April 30 2013
by Scott Johnson

Redefining Series A (and college education)

In the good old days, aka the mid ’90s, the venture world was quite orderly.  Angel rounds were under $500K.  Series A rounds were $3-$5 million for companies just getting their first customers, and “B rounds” happened 18 months later at $5-$15 million to scale up.  Which firms did which type of investment was well understood.

Today, we have a bloom of Angel investing with round sizes routinely north of $1 million, there are micro-VCs doing seed investments, single firms have different funds for different stages, there are several multi-stage firms with very large funds, a massive contraction of the number of active venture firms, while hedge funds, corporations and family offices are doing direct investments across a spectrum of stages.  Add crowd funding and secondary market liquidity to the mix and we have what appears to be a venture finance hairball.   There is no longer a “typical” venture fund.

Then there are the companies themselves.  Where once seed and Series A capital was primarily used to create a technology barrier to entry, with all the powerful software tools available now, those technology barriers of old look more like speed bumps.  So seed companies are expected to gain real customer traction, and Series A often looks like what used to be Series B, particularly in companies that touch the consumer.  Even how we define “traction” has evolved to include many measures beyond revenue.  So there is no “typical” early stage company any more either.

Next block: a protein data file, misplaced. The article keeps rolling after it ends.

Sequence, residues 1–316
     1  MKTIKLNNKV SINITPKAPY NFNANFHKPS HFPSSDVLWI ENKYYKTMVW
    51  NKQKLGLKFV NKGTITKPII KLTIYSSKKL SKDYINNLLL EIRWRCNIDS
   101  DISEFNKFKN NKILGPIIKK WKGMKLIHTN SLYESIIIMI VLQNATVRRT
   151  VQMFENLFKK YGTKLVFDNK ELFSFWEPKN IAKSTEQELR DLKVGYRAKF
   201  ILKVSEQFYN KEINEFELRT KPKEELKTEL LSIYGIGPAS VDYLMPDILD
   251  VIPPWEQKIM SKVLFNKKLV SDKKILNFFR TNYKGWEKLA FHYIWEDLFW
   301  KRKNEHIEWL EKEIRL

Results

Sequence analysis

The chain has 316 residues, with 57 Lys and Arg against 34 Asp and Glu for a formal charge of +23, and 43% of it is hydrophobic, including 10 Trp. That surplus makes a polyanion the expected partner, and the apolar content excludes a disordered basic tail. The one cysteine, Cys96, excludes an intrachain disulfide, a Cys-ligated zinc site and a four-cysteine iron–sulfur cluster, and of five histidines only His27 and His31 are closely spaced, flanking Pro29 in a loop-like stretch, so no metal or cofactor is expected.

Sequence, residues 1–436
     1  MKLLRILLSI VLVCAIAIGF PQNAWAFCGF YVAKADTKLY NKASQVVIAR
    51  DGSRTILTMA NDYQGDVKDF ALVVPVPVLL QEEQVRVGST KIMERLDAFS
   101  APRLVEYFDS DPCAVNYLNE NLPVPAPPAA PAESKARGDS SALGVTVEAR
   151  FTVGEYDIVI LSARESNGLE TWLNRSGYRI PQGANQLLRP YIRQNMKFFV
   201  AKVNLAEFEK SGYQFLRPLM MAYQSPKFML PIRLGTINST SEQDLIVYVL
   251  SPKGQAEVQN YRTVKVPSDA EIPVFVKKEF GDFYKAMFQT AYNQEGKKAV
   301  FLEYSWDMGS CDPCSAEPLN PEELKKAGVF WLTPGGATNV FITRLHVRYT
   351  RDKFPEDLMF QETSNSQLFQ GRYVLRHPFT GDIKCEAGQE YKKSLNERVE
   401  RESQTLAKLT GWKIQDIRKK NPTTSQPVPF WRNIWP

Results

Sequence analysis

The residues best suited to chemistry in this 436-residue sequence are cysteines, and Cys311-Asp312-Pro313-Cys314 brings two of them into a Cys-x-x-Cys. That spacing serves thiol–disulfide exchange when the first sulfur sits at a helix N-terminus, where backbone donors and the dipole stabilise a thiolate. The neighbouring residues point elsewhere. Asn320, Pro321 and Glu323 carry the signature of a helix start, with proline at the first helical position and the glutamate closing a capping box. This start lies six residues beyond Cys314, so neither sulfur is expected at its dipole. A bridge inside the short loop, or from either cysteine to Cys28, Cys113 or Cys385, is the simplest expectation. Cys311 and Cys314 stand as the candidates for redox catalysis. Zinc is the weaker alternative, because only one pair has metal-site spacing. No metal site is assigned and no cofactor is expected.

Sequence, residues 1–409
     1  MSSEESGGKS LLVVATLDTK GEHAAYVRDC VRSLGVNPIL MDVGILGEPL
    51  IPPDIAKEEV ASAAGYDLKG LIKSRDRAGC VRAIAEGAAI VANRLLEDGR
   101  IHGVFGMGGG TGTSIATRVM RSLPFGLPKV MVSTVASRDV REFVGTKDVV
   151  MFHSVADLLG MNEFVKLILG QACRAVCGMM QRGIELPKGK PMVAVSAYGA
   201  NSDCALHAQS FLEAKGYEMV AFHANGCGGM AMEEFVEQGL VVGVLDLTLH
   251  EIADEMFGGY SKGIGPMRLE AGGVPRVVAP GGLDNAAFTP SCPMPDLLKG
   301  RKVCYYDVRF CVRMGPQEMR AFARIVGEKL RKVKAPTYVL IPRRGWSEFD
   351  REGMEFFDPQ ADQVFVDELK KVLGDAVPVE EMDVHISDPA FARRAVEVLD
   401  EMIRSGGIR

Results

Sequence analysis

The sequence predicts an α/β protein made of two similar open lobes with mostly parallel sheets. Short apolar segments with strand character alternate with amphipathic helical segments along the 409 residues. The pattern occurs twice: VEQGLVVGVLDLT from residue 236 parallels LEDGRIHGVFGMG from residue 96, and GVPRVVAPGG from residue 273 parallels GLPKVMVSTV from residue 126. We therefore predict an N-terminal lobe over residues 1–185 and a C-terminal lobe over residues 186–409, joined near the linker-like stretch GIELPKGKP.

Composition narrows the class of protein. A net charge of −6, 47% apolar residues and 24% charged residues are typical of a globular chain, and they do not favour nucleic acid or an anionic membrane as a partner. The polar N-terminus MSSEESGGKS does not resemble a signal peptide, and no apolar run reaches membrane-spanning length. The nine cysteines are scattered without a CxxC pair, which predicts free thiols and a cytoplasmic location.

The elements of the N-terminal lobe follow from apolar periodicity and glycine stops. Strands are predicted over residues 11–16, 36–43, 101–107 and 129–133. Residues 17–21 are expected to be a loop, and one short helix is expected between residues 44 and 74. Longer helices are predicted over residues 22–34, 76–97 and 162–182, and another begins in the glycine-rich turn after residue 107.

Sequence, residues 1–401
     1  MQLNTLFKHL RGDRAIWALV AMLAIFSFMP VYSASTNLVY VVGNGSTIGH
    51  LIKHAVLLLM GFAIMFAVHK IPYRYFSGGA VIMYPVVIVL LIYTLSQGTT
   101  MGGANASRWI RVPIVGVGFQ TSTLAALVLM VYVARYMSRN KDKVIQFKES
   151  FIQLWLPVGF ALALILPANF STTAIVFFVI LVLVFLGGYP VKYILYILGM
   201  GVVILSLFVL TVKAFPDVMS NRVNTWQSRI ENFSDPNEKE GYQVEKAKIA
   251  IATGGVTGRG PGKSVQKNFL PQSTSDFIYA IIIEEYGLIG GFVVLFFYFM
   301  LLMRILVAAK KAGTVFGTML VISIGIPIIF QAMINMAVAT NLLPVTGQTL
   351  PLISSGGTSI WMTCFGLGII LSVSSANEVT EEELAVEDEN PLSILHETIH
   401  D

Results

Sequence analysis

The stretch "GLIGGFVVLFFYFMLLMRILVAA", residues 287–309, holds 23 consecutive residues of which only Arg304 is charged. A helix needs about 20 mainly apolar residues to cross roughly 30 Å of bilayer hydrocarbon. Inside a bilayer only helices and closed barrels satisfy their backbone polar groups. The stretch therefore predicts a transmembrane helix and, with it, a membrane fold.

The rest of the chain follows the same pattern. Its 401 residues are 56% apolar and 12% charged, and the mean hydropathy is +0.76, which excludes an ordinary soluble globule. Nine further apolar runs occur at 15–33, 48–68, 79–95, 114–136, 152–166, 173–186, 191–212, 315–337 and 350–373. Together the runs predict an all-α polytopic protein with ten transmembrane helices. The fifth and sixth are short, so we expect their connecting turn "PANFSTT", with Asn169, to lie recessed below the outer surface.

So what is Series A today?  My working definition is that Series A is a financing round, from any source, that exceeds $3 million in size, and has a post money under $15 million.  No longer can we point to the firm that led the round or the customer traction or stage of product development to define Series A.  Which is fine with me.

The old world was easy to understand, but too confining and exclusive.  Startup capital was something available to a few risk taking MIT or Stanford grads.  Today we have crowd funding, and starting a company is available to anyone who can hustle, get some engineering done, and find a big problem to solve.  A potential job creation engine like no other we have ever encountered.

Which leads me to a public policy digression.  We need to redefine what we mean by a “college degree” just the way we have redefined what we mean by “Series A”. The real goal of US economic policy should not be to make “a college degree” available to everyone.  This implies paternalistic employers looking to hire legions of generic college graduates to be “knowledge workers.”  Very retro thinking.

Rather than a generic college degree, policy should strive to make a “rewarding career” available to everyone.  Which, in a global economy, means we should make starting a business, or contributing to a young growing business, a possibility for everyone.  I propose an “entrepreneurial path” with both significantly lower debt accumulation so graduates can take lower/no pay, and a new cadre of compulsory coursework that includes work experience so they can hit the ground running.  And not just tech startups – Restaurants, landscaping companies, hotels, all of these vital enterprises require a grasp of accounting, finance, sales, computer skills, internships – things most students graduate without.  Startups are the creative expression of economic ideas.  Teams who start a business are practicing artists, and giving these artists the education, tools and capital they need to be productive founders or startup employees is what will sustain economic growth.

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